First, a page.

In Luke, Jesus is like a jazz singer, who, singing along in an ancient anti-empire ballad (Isaiah 61), throws in a few notes from another anti-empire tune, this one about religious imperialism. And he does so right in the heart of the synagogue. Did the religious authorities notice the mischievous riff? I think he was saying: “I am here to disrupt empire—social, political and religious—are you with me?” A song of great social change, directed not just at political empire but religious authority, notes transposed from one religious context to another, and perhaps, by us, to another…
Now, we need to take account of the rhythm, and if you listen, you can’t miss it. The drum beat is Jubilee. Here it is not the words of the Leviticus 25 that Luke brings forward in Jesus’ song, but Jubilee is still undeniably present. As the Kinslers assert, the essence is there, even if the set of social reversals in the Luke 4 text are different from the practice of cancelling debts, freeing slaves, restoring the land which are at the heart of Jubilee. [Ross and Gloria Kinsler, The Biblical Jubilee and the Struggle for Life (Orbis Book: New York, 1999), 17.] In the phrase “to proclaim the year of the Lord’s favour” the whole vision of Jubilee in which every week, every year and every 50 years society acts to correct the result of human tendencies towards greed and injustice—that ancient rhythm of equitable and sustainable life–is brought back into hearts, bodies. In bringing forward Jubilee, Luke brings forward what Brueggemann refers to as the “most subversive social action ever imagined.” [Brueggemann 38.] This is really my favorite text! With the beat of the Jubilee drum, Jesus asks : “Have you forgotten? I am here to remind you. Here in my heart beats the drum of Jubilee. I am the embodiment of Jubilee.” Let’s not lull ourselves into too much of a ballad here, it is a syncopated, subversive beat. An ancient rhythm, brought forward from a Hebrew song to a Gospel song, and perhaps, by us, to the anthems of our time…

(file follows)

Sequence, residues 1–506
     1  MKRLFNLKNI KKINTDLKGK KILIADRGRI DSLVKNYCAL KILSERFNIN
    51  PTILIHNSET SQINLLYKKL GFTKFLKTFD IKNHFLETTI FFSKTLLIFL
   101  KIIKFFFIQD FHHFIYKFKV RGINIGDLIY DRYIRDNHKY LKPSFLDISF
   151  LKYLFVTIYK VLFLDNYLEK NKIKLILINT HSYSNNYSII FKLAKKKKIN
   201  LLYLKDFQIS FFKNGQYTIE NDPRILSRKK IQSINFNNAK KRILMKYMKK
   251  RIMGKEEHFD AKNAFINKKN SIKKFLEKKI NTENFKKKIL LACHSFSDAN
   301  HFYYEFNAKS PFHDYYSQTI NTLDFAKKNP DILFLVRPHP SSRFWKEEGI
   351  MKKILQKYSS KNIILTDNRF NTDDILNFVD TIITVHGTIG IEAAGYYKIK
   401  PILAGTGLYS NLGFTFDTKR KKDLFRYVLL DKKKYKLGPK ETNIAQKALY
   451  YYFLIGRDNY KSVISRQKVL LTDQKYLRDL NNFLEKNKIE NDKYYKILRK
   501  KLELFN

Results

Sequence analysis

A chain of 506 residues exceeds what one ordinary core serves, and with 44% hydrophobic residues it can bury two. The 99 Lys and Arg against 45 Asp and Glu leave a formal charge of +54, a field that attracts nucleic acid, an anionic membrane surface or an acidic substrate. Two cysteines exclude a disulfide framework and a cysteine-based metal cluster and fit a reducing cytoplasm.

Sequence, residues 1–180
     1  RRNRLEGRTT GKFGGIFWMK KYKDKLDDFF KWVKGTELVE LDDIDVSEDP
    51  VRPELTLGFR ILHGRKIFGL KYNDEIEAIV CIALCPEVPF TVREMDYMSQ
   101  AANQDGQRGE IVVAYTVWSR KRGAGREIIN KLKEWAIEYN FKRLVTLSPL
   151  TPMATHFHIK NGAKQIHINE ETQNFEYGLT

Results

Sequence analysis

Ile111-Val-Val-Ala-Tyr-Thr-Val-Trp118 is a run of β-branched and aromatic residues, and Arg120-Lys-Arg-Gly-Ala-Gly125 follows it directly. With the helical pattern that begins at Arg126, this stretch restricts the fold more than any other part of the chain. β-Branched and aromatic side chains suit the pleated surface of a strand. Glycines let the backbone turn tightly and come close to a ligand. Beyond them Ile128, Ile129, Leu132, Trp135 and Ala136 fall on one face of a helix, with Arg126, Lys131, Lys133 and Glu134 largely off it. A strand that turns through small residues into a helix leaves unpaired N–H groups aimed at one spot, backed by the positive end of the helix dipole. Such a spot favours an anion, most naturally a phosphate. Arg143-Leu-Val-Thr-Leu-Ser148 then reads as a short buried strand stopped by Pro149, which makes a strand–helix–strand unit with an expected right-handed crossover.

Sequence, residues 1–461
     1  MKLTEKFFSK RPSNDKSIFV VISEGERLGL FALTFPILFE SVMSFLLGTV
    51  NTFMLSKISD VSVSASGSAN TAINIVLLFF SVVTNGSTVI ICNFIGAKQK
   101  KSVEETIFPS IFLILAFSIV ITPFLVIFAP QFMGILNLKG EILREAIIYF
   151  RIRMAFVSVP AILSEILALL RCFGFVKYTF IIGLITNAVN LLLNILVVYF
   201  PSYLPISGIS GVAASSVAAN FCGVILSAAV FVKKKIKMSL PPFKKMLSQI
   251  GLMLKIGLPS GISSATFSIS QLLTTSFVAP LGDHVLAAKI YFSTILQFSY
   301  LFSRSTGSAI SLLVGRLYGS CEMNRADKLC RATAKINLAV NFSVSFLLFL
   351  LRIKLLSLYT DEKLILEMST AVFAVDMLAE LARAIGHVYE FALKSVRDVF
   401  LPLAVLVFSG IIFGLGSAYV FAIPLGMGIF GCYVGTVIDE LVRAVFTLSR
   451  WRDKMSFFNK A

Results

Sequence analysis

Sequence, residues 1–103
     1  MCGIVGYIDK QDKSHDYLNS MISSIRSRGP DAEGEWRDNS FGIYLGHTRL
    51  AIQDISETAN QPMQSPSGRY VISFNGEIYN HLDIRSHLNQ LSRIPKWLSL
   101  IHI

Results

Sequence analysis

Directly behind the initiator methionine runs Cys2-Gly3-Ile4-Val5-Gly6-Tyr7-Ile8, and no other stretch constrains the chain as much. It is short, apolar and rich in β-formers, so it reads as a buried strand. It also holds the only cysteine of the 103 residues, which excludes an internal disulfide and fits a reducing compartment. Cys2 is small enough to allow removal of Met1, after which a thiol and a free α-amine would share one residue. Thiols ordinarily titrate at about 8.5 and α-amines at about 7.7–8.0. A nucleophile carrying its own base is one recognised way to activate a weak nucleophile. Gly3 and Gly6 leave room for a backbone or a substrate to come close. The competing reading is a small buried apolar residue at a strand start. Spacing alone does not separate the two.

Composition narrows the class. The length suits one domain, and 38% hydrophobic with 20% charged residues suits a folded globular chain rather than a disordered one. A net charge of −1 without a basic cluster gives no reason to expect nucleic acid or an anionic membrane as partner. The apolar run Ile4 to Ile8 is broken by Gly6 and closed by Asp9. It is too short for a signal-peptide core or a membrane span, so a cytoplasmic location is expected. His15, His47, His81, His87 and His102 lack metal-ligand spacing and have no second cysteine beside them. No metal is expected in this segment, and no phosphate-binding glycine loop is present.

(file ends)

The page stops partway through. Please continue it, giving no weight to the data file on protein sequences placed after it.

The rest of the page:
I want to suggest that there is one last thing we should listen for in Jesus’ song of Luke 4:16-21, and that is his Mama’s voice. He sings a little like her, you know, her tone, quality, styling. He grew up to her lullabies. [Ched Myers, Preaching in Advent: Luke’s Revolutionary Christmas Carols. Presentation on October 26, 2012. https://unitedchurchofcanada.adobeconnect.com/_a974744807/p9fz76a0wbi/?launcher=false&fcsContent=true&pbMode=normal (accessed December 9, 2012).] His favorite one he called the Superhero song:“Mummy sing it to me again.” It went like this: ”God has shown strength with his arm; he has scattered the proud in the thoughts of their hearts. God has brought down the powerful from their thrones, and lifted up the lowly” (Luke 1:51-52).
It is Luke’s Mary, the Mary of the Magnificat, that births Luke’s Jesus, with this liberating inaugural song to his ministry. Guess what? The Magnificat is one of my favorite scriptures. It’s a woman’s song, Hannah’s then Mary’s, and again about God’s great promise of social reversal. It is a truly liberative text, sung confidently, prophetically, by women who know acutely the liberation that is required. Gail Yee makes the connection this way, “Jesus begins his public ministry by unleashing his prophetic voice, speaking truth to power, to announce the fulfillment of the liberating word that Isaiah uttered centuries ago, the message of liberation that both Hannah and his own mother proclaimed.” [Gale A. Yee, “The Silenced Speak: Hannah, Mary and Global Poverty,” Feminist Theology 21 no.1 (2012): 53.] He knew what good news would look like for his own mother, and he proclaimed it.